A heartbroken mother has been told her son is dead, lost or in prison after he joined a migrant exodus from the region of Ethiopia hardest hit by drought.
The east African country is being devastated by climate change after rains failed for more than a year, wiping out crop harvests and leaving 10.2 million people crying out for food aid.
Hagosa Girmay, who looks well beyond her 40 years, clutched her fist to her heart as she thought of the proud farmer's son who fled three years ago for a better life in Saudi Arabia.
Niguse Tesfay, now 20, has not sent a message home to their village of Asmut in the mountains of northern Tigray since he left.
"We heard different stories - that he got lost on the way, there were rumours that he died on the way," she said.
"Other people said that he survived but they couldn't keep track of him. I was even told that he is in prison in Saudi.
"The worst thing is not knowing."
The grieving mother was among hundreds of villagers who gave UN envoy and former president of Ireland Mary Robinson a traditional welcome as she witnessed the arid lands where they struggle to grow enough food to live.
Her anguish is only one among the millions who are suffering from increasingly-volatile climate shifts and the pain of migration.
Her home is among the tiny terraced farm plots in the mountains of Ingal which straddle the border with Eritrea.
A stalemate of neither war nor peace plays out along the loosely-marked divide, evidenced by a camouflaged battalion of 16 tanks stationed in nearby hills.
Ms Robinson travelled to Tigray to see first hand the life-saving work done in nutrition clinics, seed distribution centres and development projects supported by Concern, Trocaire and Goal.
Ethiopia is being compounded by the El Nino weather phenomenon in the Pacific, which radically alters rain patterns across the globe.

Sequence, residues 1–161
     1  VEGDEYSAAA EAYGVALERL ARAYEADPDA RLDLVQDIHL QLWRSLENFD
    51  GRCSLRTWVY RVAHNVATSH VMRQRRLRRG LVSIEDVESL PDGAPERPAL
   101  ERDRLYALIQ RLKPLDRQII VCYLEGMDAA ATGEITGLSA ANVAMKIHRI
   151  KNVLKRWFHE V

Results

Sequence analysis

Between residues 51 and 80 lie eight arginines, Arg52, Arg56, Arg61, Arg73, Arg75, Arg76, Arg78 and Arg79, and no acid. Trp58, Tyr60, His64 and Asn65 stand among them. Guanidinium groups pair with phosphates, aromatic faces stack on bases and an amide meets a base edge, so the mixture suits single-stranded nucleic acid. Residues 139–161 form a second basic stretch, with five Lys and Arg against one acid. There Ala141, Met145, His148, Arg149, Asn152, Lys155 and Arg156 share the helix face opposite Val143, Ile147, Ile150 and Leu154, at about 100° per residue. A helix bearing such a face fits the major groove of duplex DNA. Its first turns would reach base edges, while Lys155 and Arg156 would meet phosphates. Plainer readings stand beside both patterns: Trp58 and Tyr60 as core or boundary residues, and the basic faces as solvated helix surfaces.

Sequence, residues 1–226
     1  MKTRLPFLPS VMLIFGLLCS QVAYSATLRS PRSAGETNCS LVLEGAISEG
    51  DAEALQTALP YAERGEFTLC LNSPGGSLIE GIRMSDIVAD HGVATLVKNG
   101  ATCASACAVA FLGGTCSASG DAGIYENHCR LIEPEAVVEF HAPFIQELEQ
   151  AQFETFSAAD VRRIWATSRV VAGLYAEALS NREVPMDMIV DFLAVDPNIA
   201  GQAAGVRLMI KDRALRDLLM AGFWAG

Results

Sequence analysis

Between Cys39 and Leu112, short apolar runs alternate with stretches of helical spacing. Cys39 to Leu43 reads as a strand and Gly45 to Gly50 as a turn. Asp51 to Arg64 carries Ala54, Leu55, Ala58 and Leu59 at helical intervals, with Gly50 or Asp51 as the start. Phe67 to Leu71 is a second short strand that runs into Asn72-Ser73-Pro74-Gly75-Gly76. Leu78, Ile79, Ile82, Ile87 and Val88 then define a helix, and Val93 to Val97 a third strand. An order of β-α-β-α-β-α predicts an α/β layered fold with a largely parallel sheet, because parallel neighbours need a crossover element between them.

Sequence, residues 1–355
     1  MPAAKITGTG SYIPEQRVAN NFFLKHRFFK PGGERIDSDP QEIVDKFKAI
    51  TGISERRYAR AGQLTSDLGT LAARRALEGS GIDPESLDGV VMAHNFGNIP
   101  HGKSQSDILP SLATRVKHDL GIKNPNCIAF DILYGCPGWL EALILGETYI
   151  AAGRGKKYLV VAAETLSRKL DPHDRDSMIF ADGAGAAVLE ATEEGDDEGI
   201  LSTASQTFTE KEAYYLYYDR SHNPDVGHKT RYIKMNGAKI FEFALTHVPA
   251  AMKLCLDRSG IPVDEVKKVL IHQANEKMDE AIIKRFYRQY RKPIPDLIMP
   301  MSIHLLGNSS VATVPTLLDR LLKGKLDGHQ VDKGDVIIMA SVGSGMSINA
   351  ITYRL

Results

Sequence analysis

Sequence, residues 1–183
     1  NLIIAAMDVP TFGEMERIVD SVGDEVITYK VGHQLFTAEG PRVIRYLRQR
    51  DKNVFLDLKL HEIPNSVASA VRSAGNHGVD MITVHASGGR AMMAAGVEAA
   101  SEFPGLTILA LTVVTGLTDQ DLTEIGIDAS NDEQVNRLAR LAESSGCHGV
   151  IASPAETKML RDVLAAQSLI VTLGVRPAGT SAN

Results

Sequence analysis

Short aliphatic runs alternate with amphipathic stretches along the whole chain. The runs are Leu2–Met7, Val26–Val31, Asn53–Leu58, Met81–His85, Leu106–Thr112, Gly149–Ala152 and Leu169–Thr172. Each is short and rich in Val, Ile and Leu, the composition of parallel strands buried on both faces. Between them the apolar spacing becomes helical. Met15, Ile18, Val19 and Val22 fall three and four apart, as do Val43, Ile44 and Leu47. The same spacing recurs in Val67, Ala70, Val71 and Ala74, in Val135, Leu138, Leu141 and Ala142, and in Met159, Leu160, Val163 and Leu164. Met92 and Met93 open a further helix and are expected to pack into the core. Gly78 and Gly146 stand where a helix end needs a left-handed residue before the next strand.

Ultimately Ms Robinson is to use the experience in her role as UN envoy for climate change and El Nino to urge the international community to do more to combat the deepening crisis.
Reflecting on her previous human rights role in the UN and the visit to Ethiopia, she said she had seen some of the worst inhumanity.
"The things you see, they stay in your mind," she said.
Vital rains have failed in Tigray for more than a year, leaving swathes of small farms and their thin soils bone dry and infertile.
The region was the hardest hit province in the 1984 famine.
Since March this year Ethiopia has suffered what is known as the "Hunger Season".
On top of the 10.2 million in need of aid, eight million are already being given food and nutrient parcels every month, and the money needed from the international community to prevent severe malnutrition, mass starvation and death is short by £400 million (468 million euro).
Officially only 70,000 people illegally flee Ethiopia a year, but research from 2013 put the figure at close to 50,000 for Tigray alone.
The Arab kingdom has been destination number one for years.
They flee through the port of Djibouti to Yemen and over the mountains or along the coast to Saudi, often by foot.
Ms Girmay's already fragile existence is worsened by the loss of her son.
"I am sad, but only sometimes, other times I have hope," she said through a translator.
"Sometimes I am hopeless and all I can do is cry over it and try to get it out of my system. I'm close to giving up on getting him back home.
"Sometimes I cry thinking that he's dead. There are times that I feel hopeful and I pray to God to return him. My feelings are confused."
In the past they fled conflict and hunger for the hope of work abroad.
Now they are escaping the worst drought that has hit the region in half a century.